Importance of mountain height and latitude for the altitudinal distribution limits of vascular plants in Scandinavia: are the mountains high enough?
Journal article, Peer reviewed
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Original versionOdland, A. 2010. Importance of mountain height and latitude for the altitudinal distribution limits of vascular plants in Scandinavia: are the mountains high enough? Fennia 188(2):149-162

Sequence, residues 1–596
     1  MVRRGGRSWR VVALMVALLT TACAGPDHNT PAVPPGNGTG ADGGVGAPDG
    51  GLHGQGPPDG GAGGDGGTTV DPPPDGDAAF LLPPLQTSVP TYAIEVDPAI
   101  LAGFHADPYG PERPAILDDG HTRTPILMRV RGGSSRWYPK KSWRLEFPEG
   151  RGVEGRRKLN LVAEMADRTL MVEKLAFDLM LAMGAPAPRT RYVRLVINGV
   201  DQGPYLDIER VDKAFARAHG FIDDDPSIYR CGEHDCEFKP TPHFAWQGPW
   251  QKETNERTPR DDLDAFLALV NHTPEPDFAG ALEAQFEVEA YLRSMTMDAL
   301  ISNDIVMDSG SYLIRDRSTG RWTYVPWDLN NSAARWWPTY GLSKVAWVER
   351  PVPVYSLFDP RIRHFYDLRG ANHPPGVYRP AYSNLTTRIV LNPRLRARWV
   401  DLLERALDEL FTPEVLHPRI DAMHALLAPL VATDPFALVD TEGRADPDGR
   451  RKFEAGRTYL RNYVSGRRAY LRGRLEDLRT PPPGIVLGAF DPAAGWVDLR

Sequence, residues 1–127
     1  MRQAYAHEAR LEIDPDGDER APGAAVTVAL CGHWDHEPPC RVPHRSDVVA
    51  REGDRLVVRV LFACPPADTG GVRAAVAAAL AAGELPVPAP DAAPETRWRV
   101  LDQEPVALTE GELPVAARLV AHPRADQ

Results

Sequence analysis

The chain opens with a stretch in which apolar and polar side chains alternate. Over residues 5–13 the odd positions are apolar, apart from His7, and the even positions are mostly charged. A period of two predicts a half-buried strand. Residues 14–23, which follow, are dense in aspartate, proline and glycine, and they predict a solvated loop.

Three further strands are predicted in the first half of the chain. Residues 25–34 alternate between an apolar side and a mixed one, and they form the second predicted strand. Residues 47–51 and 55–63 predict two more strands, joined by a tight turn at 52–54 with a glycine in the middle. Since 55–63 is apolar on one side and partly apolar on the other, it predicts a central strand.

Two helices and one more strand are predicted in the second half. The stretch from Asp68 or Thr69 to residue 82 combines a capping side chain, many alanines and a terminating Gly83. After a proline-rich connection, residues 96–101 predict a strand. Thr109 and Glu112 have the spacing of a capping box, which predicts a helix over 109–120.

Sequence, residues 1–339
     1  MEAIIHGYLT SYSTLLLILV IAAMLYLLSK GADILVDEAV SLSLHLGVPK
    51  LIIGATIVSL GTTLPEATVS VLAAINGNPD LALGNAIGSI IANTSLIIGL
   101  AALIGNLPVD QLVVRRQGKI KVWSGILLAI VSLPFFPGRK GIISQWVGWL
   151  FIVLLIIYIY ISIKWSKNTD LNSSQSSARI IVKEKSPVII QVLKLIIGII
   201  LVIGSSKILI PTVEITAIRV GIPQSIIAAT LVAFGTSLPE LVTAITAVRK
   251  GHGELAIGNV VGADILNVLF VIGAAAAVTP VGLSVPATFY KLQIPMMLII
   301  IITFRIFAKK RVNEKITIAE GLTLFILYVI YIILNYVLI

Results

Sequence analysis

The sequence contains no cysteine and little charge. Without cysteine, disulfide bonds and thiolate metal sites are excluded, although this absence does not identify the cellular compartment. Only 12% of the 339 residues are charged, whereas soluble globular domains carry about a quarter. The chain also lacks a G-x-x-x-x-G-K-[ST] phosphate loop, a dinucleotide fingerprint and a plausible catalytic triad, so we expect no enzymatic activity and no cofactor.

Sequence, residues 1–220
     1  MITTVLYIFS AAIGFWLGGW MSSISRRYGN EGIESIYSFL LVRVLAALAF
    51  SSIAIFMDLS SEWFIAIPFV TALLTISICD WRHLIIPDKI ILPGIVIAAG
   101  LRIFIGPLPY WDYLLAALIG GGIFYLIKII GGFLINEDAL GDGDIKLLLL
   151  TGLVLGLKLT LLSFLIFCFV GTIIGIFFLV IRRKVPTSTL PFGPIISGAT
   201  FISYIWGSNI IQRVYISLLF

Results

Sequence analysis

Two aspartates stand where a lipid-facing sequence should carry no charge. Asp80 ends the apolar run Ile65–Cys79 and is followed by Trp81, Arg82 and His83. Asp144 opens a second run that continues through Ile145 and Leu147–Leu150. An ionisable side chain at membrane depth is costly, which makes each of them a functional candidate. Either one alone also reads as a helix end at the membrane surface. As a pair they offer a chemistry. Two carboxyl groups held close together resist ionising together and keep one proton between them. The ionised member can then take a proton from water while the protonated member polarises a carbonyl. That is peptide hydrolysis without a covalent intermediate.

The main aim of the present paper was to study regional differences in the altitudinal distribution limits of vascular plants in relation to mountain height and latitudinal position. Altitudinal limits from previously studied areas were compared with the altitudinal distribution limits given by Lid & Lid (2005) as a reference. Based on these comparisons, different trend lines were used to evaluate the effects of mountain height and thereby estimate how high a mountain must be for vascular plants to reach their potential altitudinal limits. Study areas were Hardangervidda and Aurland southern Norway, Jämtland central Sweden, Lule Lappmark northern Sweden, Troms northern Norway, and Graubünden Switzerland. A regression analysis of the altitudinal limits for 177 vascular plants in Scandinavia compared with the same species in Switzerland gave a highly significant (p < 0.001) linear equation with a slope coefficient of 0.95 and a Y-intercept of 1057. Species limits in Hardangervidda, Aurland and Jämtland, however, showed non-linear altitudinal trends for the whole mountain ranges when they were compared with the highest recorded limits for the same species in Scandinavia. Differences between the recorded altitudinal limits from Scandinavia and the same species from Switzerland were in average the same for lowland, boreal and high altitudinal species (p > 0.422). Comparisons within Scandinavia show that lowland/boreal and high altitudinal species showed different altitudinal distribution patterns. The position of the forest limit increased on average with 72.4 m per degree increase in latitude from Switzerland to N Scandinavia. The altitudinal span of the alpine zone was approximately 1100 m in Switzerland and in Jotunheimen but considerably lower in the south Scandinavian study areas. Studies of altitudinal distribution limits of vascular plants may give an indication of to what extent the height of a particular mountain influence plant distribution and thereby its vegetation zonation.